technological development. It is important to note that, in this context, the level of technology
available to firms in a country needs to be distinguished from the country’s ability to conduct
blue-sky research and develop new technologies for innovation that expand the frontiers of
knowledge. That is why we separate technological readiness from innovation, captured in the
12th pillar, described below.

Tenth pillar: Market size

The size of the market affects productivity since large markets allow firms to exploit
economies of scale. Traditionally, the markets available to firms have been constrained by
national borders. In the era of globalization, international markets have become a substitute
for domestic markets, especially for small countries. Vast empirical evidence shows that trade
openness is positively associated with growth. Even if some recent research casts doubts on
the robustness of this relationship, there is a general sense that trade has a positive effect on
growth, especially for countries with small domestic markets. Thus exports can be thought of
as a substitute for domestic demand in determining the size of the market for the firms of a
country. By including both domestic and foreign markets in our measure of market size, we
give credit to export-driven economies and geographic areas (such as the European Union)
that are divided into many countries but have a single common market.

Eleventh pillar: Business sophistication

There is no doubt that sophisticated business practices are conducive to higher efficiency in
the production of goods and services. Business sophistication concerns two elements that are
intricately linked: the quality of a country’s overall business networks and the quality of
Individual firms’ operations and strategies. These factors are particularly important for
countries at an advanced stage of development when, to a large extent, the more basic sources
of productivity improvements have been exhausted. The quality of a country’s business
networks and supporting industries, as measured by the quantity and quality of local suppliers
and the extent of their interaction, is important for a variety of reasons. When companies and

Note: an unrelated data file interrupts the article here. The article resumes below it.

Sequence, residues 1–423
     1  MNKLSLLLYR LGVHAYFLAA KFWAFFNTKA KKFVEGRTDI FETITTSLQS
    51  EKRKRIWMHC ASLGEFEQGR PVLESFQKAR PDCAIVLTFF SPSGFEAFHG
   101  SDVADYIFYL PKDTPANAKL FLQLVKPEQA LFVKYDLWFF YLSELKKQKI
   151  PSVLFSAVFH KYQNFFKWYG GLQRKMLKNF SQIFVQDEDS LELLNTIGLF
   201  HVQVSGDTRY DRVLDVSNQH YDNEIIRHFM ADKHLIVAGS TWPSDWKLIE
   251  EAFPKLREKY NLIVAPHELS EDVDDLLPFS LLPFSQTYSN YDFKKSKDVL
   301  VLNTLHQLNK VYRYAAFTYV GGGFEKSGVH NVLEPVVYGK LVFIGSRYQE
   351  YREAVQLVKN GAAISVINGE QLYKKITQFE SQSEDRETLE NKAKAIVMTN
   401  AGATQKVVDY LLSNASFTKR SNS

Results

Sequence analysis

suppliers from a particular sector are interconnected in geographically proximate groups,
called clusters, efficiency is heightened, greater opportunities for innovation in processes and
products are created, and barriers to entry for new firms are reduced. Individual firms’
advanced operations and strategies (branding, marketing, distribution, advanced production
processes, and the production of unique and sophisticated products) spill over into the
economy and lead to sophisticated and modern business processes across the country’s
business sectors.
Twelfth pillar: Innovation

Innovation can emerge from new technological and non-technological knowledge. Non-
technological innovations are closely related to the know-how, skills, and working conditions
that are embedded in organizations and are therefore largely covered by the eleventh pillar of
the GCI. The final pillar of competitiveness focuses on technological innovation. Although
substantial gains can be obtained by improving institutions, building infrastructure, reducing
macroeconomic instability, or improving human capital, all these factors eventually
run into diminishing returns. The same is true for the efficiency of the labor, financial, and
goods markets. In the long run, standards of living can be largely enhanced by technological
innovation. Innovation is particularly important for economies as they approach the frontiers
of knowledge and the possibility of generating more value by only integrating and adapting
exogenous technologies tends to disappear.
Although less-advanced countries can still improve their productivity by adopting existing
technologies or making incremental improvements in other areas, for those that have reached
the innovation stage of development this is no longer sufficient for increasing productivity.
Firms in these countries must design and develop cutting-edge products and processes to
maintain a competitive edge and move toward even higher value-added activities. This
progression requires an environment that is conducive to innovative activity and supported by
both the public and the private sectors. In particular, it means sufficient investment in
research and development (R&D), especially by the private sector; the presence of high-
quality scientific research institutions that can generate the basic knowledge needed to build